Educational Fellowship Brings College Students to Camden Children's Garden

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CAMDEN, N.J. -

Area college students are working their summer away at local education centers throughout the Delaware Valley.

The Alliance for Watershed Education is made up of 23 different environmental centers throughout the Delaware Watershed.

One of those centers is the Camden Children’s Garden. It serves as a place for children and families to explore and discover the natural world, and this summer they welcome one of 45 fellows taking part in the Delaware River Watershed Fellowship Program.

“The fellowship is a great way to get young people, which are obviously the leaders of the future, ... more invested back into the natural world and learning its importance and how it impacts everything,” said Mica McCullough, communications coordinator for the Alliance for Watershed Education.

The 12-week paid fellowship has led Temple University English major Annalisa Shanks to the garden.

“I love being here and I love the effect that we have on children and families as they do come," said Shanks. "I love to explain to kids the role of the things around us and how ... we don’t understand how important these things are for us in our daily lives.” 

A big part of the program weighs on a capstone project that each fellow must complete by the end of the 12 weeks.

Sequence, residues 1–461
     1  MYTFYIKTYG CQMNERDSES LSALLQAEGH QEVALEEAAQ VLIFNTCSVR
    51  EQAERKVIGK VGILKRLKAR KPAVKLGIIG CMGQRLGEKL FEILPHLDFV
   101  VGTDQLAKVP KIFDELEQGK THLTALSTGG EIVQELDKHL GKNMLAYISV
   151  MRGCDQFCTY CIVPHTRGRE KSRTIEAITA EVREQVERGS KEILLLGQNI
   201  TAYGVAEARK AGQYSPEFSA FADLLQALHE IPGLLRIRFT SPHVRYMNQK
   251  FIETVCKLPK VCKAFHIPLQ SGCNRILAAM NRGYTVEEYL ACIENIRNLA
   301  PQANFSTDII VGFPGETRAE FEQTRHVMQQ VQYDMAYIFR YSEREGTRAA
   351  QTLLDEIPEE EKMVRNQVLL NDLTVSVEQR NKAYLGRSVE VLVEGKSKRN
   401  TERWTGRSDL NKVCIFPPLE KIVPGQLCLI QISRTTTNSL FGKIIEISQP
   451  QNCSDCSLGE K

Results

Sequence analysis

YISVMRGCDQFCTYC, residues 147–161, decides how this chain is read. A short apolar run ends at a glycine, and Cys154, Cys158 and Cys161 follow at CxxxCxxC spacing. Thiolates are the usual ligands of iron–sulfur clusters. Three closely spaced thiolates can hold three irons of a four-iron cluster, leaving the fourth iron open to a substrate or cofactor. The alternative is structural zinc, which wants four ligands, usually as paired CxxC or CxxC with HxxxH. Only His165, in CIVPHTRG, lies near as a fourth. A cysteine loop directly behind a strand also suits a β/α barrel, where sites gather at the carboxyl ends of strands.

“Centers sort of get to choose whether they have an existing project they want them to work on or if fellows can come up with their own project ... they run a huge range,” said McCullough.

Shanks’ capstone project involves something she’s always wanted to do.

“I definitely wanted to bring my personality and background into what I was doing here," said Shanks. "So my capstone project, which we were allowed to choose, is to write a children’s book that hopefully we can share with kids when they come to the garden.”

And although she only has a few weeks left, it’s been a summer she’ll never forget.  

“Well, I love it," said Shanks. "I can say that this is an experience that I believe will be deeply influential as I’m going forward in my life and my career.” 

Shanks, along with the 44 other fellows, will present their project when the program concludes next month.  

 

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